Learning to think critically about nutrition claims can help make us better consumers of information in general.
There is one nutrient where dates really do stand out: They contain more sugar than any other fresh fruit—almost twice as much as the next highest fruit. Then again, sugar is a nutrient that most of us don’t have to go out of our way to get enough of.
Should You Eat Dates?
Dates are delicious and exotic. It’s perfectly fine to enjoy them! Because they are uniquely high in sugar, it’s best to enjoy them in moderation. But the idea that they are nutritional powerhouses or disease fighting superfoods is ridiculous. And the fact that the source of these completely unsubstantiated assertions is a company that sells dates should be all it takes to know that we’re not dealing with a credible source.
Fighting this sort of misinformation is like trying to behead the mythical Hydra.
But here’s the thing: Fighting this sort of misinformation is like trying to behead the mythical Hydra. In the time it took me to rebut these ridiculous claims about dates, twelve more absurd nutrition articles have been posted online, and three of them have been reposted by my Aunt Sylvia.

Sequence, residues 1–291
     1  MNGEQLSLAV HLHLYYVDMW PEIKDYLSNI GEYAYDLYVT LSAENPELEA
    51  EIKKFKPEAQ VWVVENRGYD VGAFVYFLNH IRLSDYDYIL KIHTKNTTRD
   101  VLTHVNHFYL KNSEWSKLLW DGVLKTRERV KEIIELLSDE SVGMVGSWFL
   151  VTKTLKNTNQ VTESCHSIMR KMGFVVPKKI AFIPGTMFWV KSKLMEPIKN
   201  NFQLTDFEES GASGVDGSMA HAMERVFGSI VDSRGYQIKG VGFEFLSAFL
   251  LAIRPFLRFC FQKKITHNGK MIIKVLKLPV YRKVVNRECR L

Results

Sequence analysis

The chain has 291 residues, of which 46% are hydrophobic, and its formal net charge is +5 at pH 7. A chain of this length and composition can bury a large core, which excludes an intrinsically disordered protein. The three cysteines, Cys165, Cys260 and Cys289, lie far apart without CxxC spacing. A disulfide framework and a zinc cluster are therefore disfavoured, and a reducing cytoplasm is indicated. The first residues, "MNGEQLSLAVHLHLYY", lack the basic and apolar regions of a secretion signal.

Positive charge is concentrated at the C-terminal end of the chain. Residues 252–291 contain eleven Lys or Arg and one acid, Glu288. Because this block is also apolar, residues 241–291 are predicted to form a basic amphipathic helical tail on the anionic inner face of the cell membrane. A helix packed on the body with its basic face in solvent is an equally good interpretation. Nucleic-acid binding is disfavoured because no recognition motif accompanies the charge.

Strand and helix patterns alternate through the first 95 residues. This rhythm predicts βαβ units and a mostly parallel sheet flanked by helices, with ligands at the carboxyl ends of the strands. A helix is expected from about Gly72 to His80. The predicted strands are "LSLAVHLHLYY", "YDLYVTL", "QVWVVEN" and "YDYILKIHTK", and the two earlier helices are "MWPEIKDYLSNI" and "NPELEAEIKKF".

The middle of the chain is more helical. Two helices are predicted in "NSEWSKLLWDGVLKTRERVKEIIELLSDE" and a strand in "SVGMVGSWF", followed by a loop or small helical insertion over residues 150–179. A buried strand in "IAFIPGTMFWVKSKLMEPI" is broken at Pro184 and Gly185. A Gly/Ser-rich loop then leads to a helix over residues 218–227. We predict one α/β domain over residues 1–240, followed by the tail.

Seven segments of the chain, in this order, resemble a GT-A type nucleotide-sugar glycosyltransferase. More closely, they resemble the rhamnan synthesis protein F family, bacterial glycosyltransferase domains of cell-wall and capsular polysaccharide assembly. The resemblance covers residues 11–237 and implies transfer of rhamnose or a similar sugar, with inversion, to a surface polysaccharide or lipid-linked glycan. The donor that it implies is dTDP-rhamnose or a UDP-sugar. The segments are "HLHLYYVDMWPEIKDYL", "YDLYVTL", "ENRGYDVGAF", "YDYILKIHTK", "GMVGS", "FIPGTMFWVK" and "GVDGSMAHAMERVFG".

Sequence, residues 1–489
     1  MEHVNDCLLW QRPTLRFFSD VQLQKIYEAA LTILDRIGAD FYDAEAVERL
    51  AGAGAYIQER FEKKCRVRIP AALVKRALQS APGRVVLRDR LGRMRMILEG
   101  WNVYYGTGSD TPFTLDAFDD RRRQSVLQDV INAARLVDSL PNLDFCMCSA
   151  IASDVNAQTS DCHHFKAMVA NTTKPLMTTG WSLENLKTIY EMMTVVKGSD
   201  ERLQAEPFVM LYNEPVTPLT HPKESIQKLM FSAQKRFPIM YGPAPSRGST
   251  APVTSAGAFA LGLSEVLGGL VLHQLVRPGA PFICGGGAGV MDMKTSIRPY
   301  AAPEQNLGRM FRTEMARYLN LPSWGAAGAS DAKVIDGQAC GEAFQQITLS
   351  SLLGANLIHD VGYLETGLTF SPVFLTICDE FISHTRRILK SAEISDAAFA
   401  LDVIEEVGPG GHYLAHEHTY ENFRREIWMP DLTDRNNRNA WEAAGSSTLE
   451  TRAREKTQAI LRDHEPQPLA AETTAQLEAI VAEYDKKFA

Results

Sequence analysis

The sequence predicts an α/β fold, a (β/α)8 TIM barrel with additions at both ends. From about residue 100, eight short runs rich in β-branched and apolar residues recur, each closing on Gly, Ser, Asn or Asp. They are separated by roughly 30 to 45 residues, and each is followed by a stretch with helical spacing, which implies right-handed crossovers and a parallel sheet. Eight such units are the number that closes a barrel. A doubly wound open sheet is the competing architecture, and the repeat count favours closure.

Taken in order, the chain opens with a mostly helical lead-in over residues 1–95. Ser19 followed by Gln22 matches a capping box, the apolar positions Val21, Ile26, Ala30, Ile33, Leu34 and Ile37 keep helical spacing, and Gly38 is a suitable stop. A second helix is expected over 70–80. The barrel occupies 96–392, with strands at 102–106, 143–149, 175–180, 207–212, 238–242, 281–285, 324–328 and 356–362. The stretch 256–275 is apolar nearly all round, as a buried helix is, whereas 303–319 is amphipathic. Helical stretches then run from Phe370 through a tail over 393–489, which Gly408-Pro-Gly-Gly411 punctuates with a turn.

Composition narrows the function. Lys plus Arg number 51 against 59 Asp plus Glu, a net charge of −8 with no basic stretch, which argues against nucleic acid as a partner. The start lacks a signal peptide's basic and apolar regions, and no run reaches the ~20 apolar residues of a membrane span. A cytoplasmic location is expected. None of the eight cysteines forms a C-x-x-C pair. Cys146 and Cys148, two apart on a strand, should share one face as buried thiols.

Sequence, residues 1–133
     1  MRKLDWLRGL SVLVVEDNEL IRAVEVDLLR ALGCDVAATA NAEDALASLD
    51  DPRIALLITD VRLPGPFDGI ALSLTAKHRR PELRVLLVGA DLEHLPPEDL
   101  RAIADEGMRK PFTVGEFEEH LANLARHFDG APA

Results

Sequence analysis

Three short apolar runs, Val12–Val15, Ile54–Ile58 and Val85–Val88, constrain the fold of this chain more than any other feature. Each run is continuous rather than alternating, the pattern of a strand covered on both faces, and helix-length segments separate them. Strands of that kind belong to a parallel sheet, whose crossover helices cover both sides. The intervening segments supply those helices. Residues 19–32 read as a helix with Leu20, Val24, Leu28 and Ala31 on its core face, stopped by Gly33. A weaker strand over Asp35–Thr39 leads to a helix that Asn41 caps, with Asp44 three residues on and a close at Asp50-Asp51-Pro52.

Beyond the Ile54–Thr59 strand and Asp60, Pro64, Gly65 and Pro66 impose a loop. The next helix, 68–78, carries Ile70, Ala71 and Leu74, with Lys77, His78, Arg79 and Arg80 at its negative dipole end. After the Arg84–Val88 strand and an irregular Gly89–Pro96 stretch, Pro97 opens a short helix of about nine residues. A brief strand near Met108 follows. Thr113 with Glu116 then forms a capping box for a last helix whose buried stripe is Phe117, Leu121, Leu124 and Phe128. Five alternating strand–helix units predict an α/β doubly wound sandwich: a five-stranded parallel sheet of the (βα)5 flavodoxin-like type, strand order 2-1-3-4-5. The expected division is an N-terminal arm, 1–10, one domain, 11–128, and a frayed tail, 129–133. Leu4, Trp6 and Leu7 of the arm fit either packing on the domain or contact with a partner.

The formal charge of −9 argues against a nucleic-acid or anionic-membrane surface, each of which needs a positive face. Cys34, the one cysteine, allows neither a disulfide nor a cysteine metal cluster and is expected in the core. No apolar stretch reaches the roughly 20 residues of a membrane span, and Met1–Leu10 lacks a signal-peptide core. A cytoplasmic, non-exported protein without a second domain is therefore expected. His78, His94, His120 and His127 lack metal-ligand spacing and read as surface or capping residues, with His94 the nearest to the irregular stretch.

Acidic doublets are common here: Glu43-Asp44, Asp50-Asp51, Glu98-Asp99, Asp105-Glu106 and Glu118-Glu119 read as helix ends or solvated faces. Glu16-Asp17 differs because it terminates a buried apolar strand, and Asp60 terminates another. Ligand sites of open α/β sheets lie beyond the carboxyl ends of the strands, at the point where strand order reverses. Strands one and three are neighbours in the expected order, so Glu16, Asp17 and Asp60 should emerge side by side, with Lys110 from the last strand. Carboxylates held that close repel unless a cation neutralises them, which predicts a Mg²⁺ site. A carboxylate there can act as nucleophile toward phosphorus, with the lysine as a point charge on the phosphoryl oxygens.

My Not-so-Secret Agenda
As a colleague wrote to me the other day, “Supplying facts isn’t enough to immunize people against anti-facts. We have to help people learn how to evaluate and recognize the difference.” Because the next bit of misinformation is always just around the bend.
And that’s a big part of what I hope to accomplish in this podcast and my other work. Not only do I want to help people be smarter about their nutrition choices, I'd love to help people become more discerning consumers of information in general.
The same process that you see me apply to nutrition claims (being respectfully skeptical, checking the logic, seeking objective evidence, considering the source, looking for alternate explanations, and so on) can be applied to all sorts of topics.
Maybe, just maybe, by learning how to think critically about nutrition info in the media, we can learn to think more rationally about other information we encounter as well.
Before you internalize, act on, or disseminate any piece of information—on any subject—you owe it to yourself (and the world at large) to pause and consider how you might check to see if it’s actually true. In today’s environment of information overload and instant communication, that pause has never been more crucial.